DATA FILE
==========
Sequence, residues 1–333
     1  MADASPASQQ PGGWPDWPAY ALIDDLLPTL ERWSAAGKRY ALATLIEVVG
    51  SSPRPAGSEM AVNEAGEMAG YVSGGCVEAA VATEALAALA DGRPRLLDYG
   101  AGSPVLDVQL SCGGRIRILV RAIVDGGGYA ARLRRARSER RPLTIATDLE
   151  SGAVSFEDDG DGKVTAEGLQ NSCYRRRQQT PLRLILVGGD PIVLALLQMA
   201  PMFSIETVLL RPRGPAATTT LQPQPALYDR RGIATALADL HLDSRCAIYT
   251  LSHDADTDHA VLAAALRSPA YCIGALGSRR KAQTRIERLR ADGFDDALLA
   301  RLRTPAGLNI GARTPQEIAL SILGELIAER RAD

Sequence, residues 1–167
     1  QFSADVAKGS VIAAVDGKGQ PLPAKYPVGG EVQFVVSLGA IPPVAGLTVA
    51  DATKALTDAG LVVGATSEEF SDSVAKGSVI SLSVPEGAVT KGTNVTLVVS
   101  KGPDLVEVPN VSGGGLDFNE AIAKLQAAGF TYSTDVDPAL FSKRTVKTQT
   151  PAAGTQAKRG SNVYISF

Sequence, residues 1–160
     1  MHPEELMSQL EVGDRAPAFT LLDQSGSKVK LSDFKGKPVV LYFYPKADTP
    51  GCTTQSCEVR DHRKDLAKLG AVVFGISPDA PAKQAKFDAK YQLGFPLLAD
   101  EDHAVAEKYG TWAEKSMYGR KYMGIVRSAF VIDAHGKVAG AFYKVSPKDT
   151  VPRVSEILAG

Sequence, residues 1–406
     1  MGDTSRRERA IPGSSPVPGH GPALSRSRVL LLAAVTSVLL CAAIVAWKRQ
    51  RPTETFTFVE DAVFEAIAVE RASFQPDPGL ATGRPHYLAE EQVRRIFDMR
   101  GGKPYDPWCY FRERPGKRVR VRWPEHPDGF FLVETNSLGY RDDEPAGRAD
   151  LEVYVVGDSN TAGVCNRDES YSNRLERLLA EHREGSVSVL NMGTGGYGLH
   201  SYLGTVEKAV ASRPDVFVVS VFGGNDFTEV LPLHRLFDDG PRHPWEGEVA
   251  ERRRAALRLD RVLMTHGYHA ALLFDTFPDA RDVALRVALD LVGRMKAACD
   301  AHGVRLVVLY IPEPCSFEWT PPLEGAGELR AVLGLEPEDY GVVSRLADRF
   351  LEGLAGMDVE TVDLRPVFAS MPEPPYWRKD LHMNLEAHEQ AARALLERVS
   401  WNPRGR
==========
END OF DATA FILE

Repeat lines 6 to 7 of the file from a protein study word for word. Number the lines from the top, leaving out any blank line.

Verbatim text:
   201  PMFSIETVLL RPRGPAATTT LQPQPALYDR RGIATALADL HLDSRCAIYT
   251  LSHDADTDHA VLAAALRSPA YCIGALGSRR KAQTRIERLR ADGFDDALLA